Need my application.cfm file converted to application.cfc

I uploaded a copy of our application.cfm file. I've spent so much time attempting to convert it to application.cfc but have failed. I just cannot understand the terms and language. That's why I'm here.

I need someone to convert the uploaded application.cfm to application.cfc. I had to rename the file to gak.html to get it to upload here.

This is running on ColdFusion 11 Enterprise and Windows Server 2012 R2 and SQL 2008.

I'm afraid that pointing me to links to get the job done won't help. Surely this cannot be too difficult for experts, of which I will never be.
gak.html
Grover McBroomAsked:
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_agx_Commented:
Keep in mind there are some slight differences in behavior between Application.cfm/cfc, so be sure to test the various scenarios, but the structure that comes the closest to what you have now is using OnRequestEnd.  See attached. Start with that and make changes if needed.
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_agx_Commented:
Edit:

that comes the closest to what you have now is using OnRequestEnd

Correction: That should've read  OnRequest

Here's an example of your Application.cfc  (change file extension from .txt to .cfc)
Application.txt
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Grover McBroomAuthor Commented:
I just inserted your application.cfc file and IT WORKS!

I feel as tho I had just stepped off a cliff and landed on your bridge. I've put this off far too long and now, finally, I can use application.cfc.

Two questions:

1) My application.cfm is still in place. Do I leave it there? If I remove it I'll need to search system wide where .cfm files point to it from another folder-deep application.cfm.  

2) do I replace my other application.cfm files not in the root, now pointing to application.cfm or do I leave them and point back to the root application.cfc?

Not sure what you meant by "OnRequest". Is that something more I need to do?

Thanks so much! I was beginning to worry I'd never find help here again. You always come through!
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_agx_Commented:
Glad  I could help.  Even though Application.cfc basically does the same thing (and more), structurally it's a very different beast.  Takes some getting used to.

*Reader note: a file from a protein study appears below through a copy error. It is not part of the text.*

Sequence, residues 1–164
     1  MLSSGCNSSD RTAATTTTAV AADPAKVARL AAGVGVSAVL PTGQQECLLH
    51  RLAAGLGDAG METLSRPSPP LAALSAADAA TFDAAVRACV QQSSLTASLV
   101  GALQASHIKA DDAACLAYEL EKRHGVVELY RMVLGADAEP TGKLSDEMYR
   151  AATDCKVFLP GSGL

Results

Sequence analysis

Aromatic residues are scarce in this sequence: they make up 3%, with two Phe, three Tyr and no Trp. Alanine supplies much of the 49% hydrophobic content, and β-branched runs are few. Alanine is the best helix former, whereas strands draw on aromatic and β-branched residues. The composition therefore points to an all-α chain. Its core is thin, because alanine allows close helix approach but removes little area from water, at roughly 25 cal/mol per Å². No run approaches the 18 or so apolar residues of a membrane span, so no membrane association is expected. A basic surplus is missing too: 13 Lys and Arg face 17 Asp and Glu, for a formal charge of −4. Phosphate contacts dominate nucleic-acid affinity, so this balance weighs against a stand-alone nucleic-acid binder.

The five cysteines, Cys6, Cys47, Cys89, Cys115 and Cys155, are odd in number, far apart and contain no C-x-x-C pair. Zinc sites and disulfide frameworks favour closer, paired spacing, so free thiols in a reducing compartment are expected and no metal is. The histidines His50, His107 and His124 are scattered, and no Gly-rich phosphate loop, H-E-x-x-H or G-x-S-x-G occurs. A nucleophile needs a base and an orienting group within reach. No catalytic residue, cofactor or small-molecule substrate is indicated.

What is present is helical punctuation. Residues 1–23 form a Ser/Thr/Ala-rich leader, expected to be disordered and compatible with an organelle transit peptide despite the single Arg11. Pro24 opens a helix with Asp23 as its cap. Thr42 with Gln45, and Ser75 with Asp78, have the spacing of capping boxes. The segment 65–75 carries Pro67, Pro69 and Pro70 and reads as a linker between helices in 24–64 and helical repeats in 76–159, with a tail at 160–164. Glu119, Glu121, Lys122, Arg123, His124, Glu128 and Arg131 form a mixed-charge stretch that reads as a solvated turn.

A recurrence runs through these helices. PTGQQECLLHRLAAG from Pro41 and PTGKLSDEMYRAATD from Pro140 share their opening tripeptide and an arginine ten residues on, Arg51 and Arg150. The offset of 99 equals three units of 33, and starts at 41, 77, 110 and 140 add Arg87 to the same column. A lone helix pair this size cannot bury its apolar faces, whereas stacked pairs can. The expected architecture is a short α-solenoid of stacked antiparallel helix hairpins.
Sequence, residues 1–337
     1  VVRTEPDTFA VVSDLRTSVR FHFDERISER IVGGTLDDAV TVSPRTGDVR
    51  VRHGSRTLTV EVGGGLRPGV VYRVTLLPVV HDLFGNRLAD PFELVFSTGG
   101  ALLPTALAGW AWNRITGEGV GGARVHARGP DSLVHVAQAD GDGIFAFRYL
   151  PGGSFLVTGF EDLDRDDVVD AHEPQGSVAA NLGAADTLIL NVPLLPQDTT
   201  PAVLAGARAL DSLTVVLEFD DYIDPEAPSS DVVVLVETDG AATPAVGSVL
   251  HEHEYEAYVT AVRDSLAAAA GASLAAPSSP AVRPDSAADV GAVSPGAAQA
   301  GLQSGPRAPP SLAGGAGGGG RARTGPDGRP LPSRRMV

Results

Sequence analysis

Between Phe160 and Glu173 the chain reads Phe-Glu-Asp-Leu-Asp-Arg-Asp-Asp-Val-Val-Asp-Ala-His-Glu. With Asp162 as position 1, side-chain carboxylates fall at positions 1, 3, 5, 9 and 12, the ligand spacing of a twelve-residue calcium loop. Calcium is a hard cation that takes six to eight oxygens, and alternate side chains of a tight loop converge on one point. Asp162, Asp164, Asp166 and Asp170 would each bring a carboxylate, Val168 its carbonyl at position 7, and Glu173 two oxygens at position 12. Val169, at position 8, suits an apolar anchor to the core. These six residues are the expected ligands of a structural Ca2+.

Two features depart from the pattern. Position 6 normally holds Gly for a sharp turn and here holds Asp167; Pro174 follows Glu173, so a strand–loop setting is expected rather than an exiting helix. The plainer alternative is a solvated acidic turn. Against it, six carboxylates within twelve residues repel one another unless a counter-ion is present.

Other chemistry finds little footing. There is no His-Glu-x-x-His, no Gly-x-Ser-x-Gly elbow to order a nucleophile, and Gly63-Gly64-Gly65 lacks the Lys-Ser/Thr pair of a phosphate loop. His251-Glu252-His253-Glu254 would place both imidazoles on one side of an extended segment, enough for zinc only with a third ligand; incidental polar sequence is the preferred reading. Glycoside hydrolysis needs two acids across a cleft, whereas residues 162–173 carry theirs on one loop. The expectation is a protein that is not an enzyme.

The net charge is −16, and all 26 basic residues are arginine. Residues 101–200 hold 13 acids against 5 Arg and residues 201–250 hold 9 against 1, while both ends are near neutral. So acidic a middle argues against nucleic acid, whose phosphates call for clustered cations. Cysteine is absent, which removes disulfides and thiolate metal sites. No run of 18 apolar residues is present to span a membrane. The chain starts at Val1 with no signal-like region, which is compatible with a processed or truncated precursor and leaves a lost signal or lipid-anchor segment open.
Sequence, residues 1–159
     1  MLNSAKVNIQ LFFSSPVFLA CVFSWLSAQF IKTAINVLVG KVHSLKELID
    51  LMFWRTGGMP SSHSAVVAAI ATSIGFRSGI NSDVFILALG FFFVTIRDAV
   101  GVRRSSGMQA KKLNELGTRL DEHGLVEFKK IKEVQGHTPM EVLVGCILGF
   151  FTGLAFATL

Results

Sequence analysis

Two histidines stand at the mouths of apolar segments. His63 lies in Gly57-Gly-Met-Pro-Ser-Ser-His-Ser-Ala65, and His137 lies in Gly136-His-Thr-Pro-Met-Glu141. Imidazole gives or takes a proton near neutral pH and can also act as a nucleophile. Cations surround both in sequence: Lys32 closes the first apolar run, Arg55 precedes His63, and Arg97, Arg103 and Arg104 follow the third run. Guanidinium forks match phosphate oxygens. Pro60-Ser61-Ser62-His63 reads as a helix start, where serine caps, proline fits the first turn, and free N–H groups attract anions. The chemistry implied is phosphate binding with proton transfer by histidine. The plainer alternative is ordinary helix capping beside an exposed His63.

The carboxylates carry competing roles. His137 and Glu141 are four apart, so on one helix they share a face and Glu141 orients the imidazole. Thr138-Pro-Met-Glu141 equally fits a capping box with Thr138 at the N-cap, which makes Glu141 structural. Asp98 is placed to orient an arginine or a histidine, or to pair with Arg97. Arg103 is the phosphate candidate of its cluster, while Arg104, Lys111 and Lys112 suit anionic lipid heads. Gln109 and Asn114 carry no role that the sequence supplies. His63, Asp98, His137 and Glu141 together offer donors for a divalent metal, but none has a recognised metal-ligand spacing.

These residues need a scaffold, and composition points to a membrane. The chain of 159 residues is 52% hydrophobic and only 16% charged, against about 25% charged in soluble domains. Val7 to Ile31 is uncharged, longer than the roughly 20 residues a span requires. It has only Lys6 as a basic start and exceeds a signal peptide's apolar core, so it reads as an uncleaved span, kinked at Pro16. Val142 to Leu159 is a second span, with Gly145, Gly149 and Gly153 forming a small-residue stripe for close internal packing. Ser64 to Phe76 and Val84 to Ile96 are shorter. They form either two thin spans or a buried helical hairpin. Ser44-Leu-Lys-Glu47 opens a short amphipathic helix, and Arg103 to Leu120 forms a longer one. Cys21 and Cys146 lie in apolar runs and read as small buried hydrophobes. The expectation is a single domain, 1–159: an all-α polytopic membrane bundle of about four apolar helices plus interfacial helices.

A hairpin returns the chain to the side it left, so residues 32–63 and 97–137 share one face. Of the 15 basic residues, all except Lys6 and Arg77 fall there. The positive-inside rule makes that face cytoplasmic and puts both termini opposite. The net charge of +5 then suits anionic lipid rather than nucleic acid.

RE: 1&2 -  Unless you're doing something else beyond switching from .cfm->.cfc, you shouldn't need to change anything.  If a directory contains both an Application.cfm and Application.cfc file, CF only uses the Application.cfc and ignores the Application.cfm.  So it should work the same as before.  

Not sure what you meant by "OnRequest". Is that something more I need to do?

Nope.  As I'm sure you noticed, Application.cfc uses various functions (OnRequestStart, OnRequest, ....).  Just mentioning that the function that's most similar to the <cfapplication> behavior is OnRequest.
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Grover McBroomAuthor Commented:
I'll need to study up on them, best I can. Lots to learn from CF8, Win2003, and SQL2000. Lots. Keep me busy for a couple decades.

So, I'll assume I should leave the old application.cfm files, even those in deeper folders pointing back to the root application.cfm, leave them alone, that they are not required to point to the new application.cfc, right?

There are some functions requiring application.cfc that should work now, thanks to you.
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_agx_Commented:
So, I'll assume I should leave the old application.cfm files, even those in deeper folders pointing back to the root application.cfm, leave them alone, that they are not required to point to the new application.cfc, right?

For the one in the root folder, leaving both files won't harm anything, but it is up to you whether you want to keep them both.  For the deeper folders, yes should not need to change anything.  CF should behave the same as it's always done. It'll search for the closet Application file to whatever script you're running and use that one.  It first searches the current folder containing your cfm/cfc file for an Application file. If it's found, CF uses that one and stops looking.  If not, CF checks the parent directory, grandparent directory, etc... until it finds one.

So say you have this structure:

--rootFolder
|----> Application.cfc                
|----> index.cfm
|--------- folder
|------------->  OtherPage.cfm
|----------------- deeperFolder
|----------------------> Application.cfm        
|---------------------->  SomePage.cfm          

* When you run /index.cfm, CF will use  /root/Application.cfc

* When you run /root/folder/deeperFolder/SomePage.cfm, CF will use /root/folder/deeperFolder/Application.cfm, and ignore /root/Application.cfc.  Same as it did when you were using all Application.cfm files.

* When you run /root/folder/OtherPage.cfm, CF looks in /root/folder for an application file. It doesn't find one, so it checks the parent folder ie "/root/".  It does find one there, so it uses /root/Application.cfc.  Again, this is the same way it works with Application.cfm files.
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Grover McBroomAuthor Commented:
Great. That's the basic way I understood it and now with your detailed explanation, I feel lots more confident.
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